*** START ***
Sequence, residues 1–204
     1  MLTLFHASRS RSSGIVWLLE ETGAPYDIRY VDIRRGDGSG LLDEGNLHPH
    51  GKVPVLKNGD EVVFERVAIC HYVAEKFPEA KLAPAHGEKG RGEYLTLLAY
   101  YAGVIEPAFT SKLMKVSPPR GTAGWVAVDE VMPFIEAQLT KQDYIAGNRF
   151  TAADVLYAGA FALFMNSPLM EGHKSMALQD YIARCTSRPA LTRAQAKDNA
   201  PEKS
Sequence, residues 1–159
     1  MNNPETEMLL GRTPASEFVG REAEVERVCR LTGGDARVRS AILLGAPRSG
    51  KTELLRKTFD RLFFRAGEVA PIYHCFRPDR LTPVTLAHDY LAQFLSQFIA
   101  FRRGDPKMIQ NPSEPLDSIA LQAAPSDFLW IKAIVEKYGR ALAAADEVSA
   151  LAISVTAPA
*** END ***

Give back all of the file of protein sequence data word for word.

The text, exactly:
Sequence, residues 1–204
     1  MLTLFHASRS RSSGIVWLLE ETGAPYDIRY VDIRRGDGSG LLDEGNLHPH
    51  GKVPVLKNGD EVVFERVAIC HYVAEKFPEA KLAPAHGEKG RGEYLTLLAY
   101  YAGVIEPAFT SKLMKVSPPR GTAGWVAVDE VMPFIEAQLT KQDYIAGNRF
   151  TAADVLYAGA FALFMNSPLM EGHKSMALQD YIARCTSRPA LTRAQAKDNA
   201  PEKS
Sequence, residues 1–159
     1  MNNPETEMLL GRTPASEFVG REAEVERVCR LTGGDARVRS AILLGAPRSG
    51  KTELLRKTFD RLFFRAGEVA PIYHCFRPDR LTPVTLAHDY LAQFLSQFIA
   101  FRRGDPKMIQ NPSEPLDSIA LQAAPSDFLW IKAIVEKYGR ALAAADEVSA
   151  LAISVTAPA